Walmart Pays $3.1 Billion in Opioid Settlement Led by Colorado and 15 Other States | government agencies

Walmart has agreed to pay $3.1 billion in a national settlement to settle claims by over a dozen attorneys general that the company contributed to the opioid addiction crisis.

Colorado is set to receive more than $40 million of the settlement money, Attorney General Phil Weiser announced Tuesday. Weiser chaired the settlement framework negotiations with attorneys general from North Carolina, Nebraska, Pennsylvania, New York, Ohio, California, Connecticut, Delaware, Illinois, Indiana, Iowa, Louisiana, Massachusetts, Tennessee and Texas.

The leading attorneys general all agreed to the settlement. It must now be reviewed and approved by other states by the end of 2022.


Colorado's 462 faces of fentanyl

“We continue to hold accountable the companies that created and fueled the opioid crisis that has devastated communities and harmed Coloradans across the state,” said Weiser. “This agreement with Walmart adds to the important advances we have already made through our agreements with the opioid manufacturers and distributors, and there is more to do.”

As of August of this year, 462 Coloradans had died from the synthetic opioid fentanyl, according to the state health department. From 2019 to 2021, Colorado had the second highest increase in fentanyl-related deaths of any state, according to a February report by nonprofit Families Against Fentanyl.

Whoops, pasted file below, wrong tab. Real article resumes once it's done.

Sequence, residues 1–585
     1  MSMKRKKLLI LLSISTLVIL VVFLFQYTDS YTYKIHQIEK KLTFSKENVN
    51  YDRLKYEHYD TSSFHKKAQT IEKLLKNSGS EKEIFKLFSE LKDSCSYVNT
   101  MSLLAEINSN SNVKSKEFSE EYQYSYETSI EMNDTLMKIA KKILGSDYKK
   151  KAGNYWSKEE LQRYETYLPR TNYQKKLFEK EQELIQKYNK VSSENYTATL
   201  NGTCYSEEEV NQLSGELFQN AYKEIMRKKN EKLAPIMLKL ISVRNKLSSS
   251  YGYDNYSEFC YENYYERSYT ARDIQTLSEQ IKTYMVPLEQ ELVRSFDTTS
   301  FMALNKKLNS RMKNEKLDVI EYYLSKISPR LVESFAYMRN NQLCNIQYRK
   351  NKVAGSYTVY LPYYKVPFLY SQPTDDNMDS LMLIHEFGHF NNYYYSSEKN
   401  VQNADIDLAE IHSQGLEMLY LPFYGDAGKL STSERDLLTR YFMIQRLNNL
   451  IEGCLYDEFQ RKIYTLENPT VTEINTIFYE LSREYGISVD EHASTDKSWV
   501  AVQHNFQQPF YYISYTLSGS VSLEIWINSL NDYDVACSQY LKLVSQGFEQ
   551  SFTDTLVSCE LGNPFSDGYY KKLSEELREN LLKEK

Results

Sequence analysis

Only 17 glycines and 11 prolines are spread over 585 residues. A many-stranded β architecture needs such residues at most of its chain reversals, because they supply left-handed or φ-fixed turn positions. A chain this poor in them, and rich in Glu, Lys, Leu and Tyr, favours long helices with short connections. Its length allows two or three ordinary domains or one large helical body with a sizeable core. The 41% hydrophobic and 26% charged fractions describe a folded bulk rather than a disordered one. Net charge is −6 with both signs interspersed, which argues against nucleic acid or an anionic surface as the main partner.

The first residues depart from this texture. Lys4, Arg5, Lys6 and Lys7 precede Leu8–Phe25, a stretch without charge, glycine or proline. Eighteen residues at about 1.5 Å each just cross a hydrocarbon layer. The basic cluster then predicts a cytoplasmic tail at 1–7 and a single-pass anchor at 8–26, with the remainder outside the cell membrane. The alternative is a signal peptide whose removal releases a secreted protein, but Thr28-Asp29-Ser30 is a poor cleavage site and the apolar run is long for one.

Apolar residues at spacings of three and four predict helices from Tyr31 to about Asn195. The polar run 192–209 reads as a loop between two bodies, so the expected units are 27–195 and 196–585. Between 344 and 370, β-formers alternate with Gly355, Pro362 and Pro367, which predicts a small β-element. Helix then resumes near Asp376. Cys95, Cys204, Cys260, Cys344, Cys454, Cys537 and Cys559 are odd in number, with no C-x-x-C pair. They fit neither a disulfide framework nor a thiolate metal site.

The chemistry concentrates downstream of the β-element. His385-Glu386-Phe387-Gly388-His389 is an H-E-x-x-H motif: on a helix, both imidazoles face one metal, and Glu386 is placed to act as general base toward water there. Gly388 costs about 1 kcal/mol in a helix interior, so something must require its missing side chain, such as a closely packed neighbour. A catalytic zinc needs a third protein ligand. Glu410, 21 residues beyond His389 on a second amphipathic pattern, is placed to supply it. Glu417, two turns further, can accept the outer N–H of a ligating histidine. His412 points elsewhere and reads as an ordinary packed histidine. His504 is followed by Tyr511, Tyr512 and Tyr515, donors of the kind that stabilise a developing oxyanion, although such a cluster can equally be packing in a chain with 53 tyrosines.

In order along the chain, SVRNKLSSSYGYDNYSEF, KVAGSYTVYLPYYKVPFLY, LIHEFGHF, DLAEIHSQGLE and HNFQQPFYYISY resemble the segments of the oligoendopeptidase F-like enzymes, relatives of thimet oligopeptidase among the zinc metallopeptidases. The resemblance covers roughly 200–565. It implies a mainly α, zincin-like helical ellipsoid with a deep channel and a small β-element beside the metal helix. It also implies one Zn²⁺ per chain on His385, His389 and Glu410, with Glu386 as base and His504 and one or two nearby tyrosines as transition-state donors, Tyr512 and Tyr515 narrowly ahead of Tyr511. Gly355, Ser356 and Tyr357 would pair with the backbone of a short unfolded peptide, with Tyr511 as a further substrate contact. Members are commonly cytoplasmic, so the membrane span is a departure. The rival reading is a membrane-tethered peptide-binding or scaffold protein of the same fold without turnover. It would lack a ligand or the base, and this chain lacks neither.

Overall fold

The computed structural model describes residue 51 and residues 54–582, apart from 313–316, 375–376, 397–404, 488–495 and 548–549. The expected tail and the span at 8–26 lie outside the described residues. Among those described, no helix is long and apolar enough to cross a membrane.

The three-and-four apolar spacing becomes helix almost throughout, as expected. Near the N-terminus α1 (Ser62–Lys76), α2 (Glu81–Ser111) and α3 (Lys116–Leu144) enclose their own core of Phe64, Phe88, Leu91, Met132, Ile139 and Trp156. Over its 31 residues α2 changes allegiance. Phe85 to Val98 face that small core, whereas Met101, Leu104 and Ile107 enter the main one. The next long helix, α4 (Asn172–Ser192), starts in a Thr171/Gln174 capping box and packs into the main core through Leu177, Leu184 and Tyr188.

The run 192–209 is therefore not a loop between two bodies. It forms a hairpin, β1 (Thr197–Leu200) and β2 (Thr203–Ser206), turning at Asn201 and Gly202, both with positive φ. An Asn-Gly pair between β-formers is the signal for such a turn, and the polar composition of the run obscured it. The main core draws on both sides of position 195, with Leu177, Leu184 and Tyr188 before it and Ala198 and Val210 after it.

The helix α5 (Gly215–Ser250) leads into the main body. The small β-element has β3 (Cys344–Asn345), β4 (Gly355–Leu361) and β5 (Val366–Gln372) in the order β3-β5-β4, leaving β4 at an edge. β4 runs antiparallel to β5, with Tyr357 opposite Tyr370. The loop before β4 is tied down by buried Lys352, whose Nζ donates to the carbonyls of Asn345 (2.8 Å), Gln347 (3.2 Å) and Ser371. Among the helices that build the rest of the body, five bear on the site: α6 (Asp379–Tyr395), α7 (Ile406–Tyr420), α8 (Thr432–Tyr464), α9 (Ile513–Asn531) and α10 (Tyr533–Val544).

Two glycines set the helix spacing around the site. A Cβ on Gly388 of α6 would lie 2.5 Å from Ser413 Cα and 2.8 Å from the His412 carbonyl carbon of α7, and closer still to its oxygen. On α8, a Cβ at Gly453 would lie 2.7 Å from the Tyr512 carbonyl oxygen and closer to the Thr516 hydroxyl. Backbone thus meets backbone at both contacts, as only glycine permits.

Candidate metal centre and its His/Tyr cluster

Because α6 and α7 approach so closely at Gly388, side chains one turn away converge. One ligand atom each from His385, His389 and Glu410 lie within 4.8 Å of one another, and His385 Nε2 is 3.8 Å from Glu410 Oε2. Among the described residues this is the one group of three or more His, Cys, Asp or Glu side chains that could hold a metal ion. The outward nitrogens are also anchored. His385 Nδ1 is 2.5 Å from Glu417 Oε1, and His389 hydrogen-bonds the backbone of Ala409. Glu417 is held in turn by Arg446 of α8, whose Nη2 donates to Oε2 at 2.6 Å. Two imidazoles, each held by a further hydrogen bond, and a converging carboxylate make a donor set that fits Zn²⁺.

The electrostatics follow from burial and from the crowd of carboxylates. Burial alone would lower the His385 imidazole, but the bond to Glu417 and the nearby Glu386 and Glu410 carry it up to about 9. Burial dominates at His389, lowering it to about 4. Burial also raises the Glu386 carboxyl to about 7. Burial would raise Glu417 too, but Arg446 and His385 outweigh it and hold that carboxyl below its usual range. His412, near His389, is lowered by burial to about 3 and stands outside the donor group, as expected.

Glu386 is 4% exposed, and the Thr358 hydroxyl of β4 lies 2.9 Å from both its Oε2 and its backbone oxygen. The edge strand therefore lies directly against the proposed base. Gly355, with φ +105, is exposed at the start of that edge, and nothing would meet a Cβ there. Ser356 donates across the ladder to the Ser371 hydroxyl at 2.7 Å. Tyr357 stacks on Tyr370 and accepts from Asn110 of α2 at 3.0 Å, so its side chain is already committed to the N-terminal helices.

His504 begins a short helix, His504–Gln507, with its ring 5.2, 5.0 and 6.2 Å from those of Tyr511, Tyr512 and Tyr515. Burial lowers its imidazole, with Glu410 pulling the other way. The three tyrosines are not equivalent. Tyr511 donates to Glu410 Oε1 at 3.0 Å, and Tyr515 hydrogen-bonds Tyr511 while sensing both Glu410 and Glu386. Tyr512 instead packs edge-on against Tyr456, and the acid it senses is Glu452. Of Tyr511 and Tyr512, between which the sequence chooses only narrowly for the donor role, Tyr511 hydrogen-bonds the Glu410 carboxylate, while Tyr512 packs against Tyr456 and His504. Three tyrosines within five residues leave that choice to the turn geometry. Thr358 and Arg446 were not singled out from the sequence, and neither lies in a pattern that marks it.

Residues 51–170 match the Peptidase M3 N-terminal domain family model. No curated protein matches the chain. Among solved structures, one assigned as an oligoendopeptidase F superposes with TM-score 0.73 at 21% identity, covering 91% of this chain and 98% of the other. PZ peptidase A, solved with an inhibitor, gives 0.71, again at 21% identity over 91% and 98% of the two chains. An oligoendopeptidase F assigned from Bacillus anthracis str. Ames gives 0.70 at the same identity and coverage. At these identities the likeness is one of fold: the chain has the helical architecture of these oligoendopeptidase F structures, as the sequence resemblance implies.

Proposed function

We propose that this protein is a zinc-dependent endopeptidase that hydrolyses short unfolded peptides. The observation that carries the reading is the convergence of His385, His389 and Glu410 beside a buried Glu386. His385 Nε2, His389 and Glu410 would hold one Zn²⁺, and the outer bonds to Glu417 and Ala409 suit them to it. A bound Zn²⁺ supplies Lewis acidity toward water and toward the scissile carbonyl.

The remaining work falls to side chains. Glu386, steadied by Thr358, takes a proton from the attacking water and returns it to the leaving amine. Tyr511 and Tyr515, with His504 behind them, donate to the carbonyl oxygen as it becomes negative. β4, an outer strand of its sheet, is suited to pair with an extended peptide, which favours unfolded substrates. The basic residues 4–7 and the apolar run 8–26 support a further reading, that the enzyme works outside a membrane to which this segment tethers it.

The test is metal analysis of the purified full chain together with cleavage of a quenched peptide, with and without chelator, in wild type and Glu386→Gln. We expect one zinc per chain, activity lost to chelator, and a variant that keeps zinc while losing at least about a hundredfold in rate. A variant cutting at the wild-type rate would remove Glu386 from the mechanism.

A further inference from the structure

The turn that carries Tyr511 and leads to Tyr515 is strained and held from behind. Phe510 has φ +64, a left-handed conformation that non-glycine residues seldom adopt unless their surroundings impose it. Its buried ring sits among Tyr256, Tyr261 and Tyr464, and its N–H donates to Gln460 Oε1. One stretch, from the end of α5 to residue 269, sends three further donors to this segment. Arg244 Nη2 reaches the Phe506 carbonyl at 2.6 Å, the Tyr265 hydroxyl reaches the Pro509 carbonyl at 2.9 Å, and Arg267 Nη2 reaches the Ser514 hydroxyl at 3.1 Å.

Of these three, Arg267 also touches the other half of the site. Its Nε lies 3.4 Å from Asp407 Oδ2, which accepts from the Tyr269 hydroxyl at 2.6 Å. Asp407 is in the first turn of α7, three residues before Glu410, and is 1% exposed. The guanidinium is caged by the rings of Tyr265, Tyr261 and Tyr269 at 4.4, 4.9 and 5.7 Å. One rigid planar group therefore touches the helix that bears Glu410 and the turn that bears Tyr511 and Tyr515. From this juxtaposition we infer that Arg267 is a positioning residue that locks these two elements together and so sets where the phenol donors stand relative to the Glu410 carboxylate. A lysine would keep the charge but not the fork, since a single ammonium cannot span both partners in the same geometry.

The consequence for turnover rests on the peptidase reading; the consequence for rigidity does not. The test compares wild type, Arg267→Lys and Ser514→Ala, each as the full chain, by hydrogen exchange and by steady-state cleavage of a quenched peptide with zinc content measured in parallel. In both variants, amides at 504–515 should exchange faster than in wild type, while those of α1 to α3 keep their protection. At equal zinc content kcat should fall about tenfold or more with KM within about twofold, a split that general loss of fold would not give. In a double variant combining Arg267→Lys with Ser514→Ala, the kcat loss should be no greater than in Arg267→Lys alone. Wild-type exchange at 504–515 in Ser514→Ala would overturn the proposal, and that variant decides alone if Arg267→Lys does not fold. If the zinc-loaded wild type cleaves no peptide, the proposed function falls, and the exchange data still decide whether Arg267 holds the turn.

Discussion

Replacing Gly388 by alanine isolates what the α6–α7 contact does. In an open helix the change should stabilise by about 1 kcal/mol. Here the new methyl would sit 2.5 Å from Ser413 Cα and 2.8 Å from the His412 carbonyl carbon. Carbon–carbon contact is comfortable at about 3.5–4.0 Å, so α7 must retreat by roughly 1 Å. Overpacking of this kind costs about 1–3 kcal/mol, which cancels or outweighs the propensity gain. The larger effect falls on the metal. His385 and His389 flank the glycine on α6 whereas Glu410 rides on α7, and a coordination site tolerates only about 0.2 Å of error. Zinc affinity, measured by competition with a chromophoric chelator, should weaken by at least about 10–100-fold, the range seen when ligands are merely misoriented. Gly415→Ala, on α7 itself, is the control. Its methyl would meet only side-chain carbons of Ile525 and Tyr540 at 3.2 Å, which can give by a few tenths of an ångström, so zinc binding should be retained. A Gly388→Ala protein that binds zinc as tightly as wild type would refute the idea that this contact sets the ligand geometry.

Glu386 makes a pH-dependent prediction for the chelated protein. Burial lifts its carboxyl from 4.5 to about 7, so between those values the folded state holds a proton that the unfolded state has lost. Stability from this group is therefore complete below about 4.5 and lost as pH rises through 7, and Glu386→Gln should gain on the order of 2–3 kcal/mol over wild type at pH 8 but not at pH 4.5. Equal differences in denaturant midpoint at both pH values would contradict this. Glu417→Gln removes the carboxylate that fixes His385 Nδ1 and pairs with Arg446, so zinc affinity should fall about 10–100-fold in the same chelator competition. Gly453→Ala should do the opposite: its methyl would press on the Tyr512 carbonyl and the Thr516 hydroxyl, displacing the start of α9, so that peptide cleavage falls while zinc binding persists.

Attorneys general argued that Walmart fueled the national opioid crisis by failing to adequately monitor the dispensing of opioids at its stores.

In a statement Tuesday, Walmart said it “strongly denies” these allegations, but the settlement does not include an admission of liability.

“Walmart believes the settlement framework is in the best interests of all parties and will provide significant assistance to communities across the country in the fight against the opioid crisis, with assistance reaching state and local governments faster than any other nationwide opioid agreement to date.” ‘ read the statement. “Walmart will continue to vigorously defend the company against any lawsuits not resolved by this settlement framework.”

In addition to the $3.1 billion, the settlement requires Walmart to improve the way its dispensaries handle opioids. Weiser said the “comprehensive, court-ordered requirements” would “include robust oversight to prevent fraudulent prescriptions and flag suspect prescriptions.”

If approved, the $3.1 billion will be shared by enrolling states, local governments and tribes and must be used to provide treatment and recovery services for people struggling with opioid use disorders. In Colorado, the $40 million will be distributed under the opioid framework agreed to by state and local governments in August 2021.

Weiser said “promising” negotiations for opioid settlements are also underway with Walgreens and CVS.


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